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I am creating this Android game in Java. I have quite a lot of images but don't need to use them all at once so I have created a Resource Manger class which takes care of the Bitmaps that are in use. However, I have found it quite slow to clear the Bitmap out of the memory. I am currently doing something like this:

bitmap = null

System.gc (also tried Runtime.getRuntime().gc())

Firstly, is there any way to quicker unload the bitmaps from the memory or is it possible to somehow check if they actually ARE cleared so I can make the loading screen depend on that as well?

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You might consider using an existing bitmap caching engine rather than rolling your own: – CommonsWare Dec 20 '12 at 0:28
The reason is it slow is you are calling the gc. Let it run when needed. +1 @CommonsWare no need to reinvent the wheel. – iagreen Dec 20 '12 at 0:36
calling .recycle() and setting it to null should actually just do it. No need to call .gc() :) – chris-tulip Dec 20 '12 at 0:51
@RasmusAppelkvist - the JVM will aggressively run garbage collection if it is about to run out of memory. Your responsibility ends with making sure that objects can be garbage collected. – Perception Dec 20 '12 at 2:24
To that, I will add that each call to System.GC will make a full garbage collection; which will be a slow operation even if there is nothing to collect. It's usually a better idea to leave it to the Android system; which will probably choose the frequency and - most important - the type of GC to do in a much better way than simply calling a full GC each time you release a bitmap. – SylvainL Dec 20 '12 at 2:52

There is no guarantee that the garbage collector will actually be run when we attempt for System.gc() as gc() expects certain preconditions like resource hunger. So it is quite obvious that calling gc() is just wasting critical CPU Cycles. As a developer we can make unnecessary objects for gc collectable by nullifying the references.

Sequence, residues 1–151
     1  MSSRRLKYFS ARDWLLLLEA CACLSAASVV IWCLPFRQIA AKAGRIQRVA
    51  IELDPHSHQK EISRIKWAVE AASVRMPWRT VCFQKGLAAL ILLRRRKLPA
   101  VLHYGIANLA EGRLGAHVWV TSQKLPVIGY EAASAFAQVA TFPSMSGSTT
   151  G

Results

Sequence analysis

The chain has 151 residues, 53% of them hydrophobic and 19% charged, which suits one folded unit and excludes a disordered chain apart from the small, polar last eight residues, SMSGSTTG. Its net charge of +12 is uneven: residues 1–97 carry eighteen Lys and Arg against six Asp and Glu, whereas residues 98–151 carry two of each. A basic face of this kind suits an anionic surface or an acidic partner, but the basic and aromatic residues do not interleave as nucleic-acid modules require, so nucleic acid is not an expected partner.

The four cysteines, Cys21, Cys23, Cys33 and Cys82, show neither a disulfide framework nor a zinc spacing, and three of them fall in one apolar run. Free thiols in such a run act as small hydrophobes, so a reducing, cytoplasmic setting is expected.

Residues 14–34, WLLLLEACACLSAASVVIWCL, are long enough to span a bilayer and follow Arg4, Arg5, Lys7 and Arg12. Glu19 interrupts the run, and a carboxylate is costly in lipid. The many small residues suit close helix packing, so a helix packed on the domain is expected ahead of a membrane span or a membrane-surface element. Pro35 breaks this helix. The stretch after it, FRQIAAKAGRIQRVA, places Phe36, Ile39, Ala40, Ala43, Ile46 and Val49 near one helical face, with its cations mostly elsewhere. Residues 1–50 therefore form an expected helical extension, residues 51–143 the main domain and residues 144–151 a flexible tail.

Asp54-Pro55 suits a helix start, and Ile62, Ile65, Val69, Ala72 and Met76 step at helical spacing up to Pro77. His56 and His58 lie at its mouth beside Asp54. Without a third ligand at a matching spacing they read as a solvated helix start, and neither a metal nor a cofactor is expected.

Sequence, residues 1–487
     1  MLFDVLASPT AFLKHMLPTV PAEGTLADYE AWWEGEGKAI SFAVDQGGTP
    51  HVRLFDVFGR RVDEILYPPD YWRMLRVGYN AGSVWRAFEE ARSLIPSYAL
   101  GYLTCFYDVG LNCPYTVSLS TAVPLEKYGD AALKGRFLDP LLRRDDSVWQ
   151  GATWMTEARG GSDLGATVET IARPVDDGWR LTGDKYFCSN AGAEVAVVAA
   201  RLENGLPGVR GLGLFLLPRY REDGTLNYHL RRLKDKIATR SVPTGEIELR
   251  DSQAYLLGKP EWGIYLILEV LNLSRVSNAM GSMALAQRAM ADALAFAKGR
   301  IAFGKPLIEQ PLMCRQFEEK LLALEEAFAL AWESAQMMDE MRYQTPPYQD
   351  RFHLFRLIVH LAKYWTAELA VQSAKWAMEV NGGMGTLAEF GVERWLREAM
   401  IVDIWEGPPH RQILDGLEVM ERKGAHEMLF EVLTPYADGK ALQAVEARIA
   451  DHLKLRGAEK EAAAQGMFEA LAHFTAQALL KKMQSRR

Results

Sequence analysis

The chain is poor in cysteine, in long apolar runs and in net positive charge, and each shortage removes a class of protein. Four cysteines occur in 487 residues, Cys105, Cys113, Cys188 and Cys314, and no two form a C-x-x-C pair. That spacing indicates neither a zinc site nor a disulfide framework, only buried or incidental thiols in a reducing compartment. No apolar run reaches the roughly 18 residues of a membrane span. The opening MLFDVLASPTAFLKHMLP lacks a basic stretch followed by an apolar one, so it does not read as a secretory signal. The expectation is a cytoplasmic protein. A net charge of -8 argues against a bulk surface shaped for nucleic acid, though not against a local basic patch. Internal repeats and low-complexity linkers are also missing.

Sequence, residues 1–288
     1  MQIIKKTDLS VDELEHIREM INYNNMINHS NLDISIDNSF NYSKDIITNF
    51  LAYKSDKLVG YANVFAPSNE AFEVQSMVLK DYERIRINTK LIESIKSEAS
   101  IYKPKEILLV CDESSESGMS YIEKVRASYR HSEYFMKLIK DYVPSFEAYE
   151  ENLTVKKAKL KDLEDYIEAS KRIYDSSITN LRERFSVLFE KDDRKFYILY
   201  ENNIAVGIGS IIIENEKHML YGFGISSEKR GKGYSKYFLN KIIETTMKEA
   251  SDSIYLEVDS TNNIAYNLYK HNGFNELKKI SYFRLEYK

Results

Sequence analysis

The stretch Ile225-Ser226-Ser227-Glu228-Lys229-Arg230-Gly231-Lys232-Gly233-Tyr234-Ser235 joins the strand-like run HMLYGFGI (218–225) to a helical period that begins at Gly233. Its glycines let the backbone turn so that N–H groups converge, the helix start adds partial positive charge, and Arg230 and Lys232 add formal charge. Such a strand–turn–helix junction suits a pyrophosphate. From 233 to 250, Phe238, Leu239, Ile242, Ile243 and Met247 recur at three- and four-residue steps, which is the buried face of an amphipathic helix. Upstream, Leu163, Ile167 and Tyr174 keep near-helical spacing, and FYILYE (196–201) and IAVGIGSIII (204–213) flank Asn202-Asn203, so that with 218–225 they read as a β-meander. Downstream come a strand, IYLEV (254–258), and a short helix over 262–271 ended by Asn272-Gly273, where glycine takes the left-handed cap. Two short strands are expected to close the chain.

There are couple of optimization techniques that can be helpful while creating a gaming system(game).

  1. Use Texture. Here is an example.

  2. Use Sprite and SpriteSheets( It gives less overhead to the system than loading individual bitmaps). many open source game engines are there who uses this.If you don't want to use them get an idea how to create from scratch from these sources.

  3. Use these standard android doc for how to Loading Large Bitmaps Efficiently and Caching Bitmaps for better usage of bitmap. The idea is when users device is not efficient enough to handle the amount of processing and/or the memory is less for your game you can always scale down the bitmap(compromise with quality for better response).

  4. Always test your app against memory leak problems. Here is a nice post that will help.

  5. Keep InMemory(don't release once used) items that are used several times inside the game in the same scene. The reason is it takes lot of time to load images into the memory.

Hope this will help you.

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As SylvainL said, System.gc and friends collects the full garbage and can be quite slow. The Java machine runs the GC periodically, and period is finetuned depending on how much free memory is available at a given moment.

Best choice for me is to use some kind of bitmap pooling: having a set of prefab Bitmap instances that you can acquire from and release to the pool, and managing Buffer instances in a cache applying LRU policies.

With proper finetuning, you can get zero cost on creating and destroying Bitmap instances as they're pooled, and Buffer instances containing bitmap data will be dynamically loaded to and unloaded from memory depending on usage.

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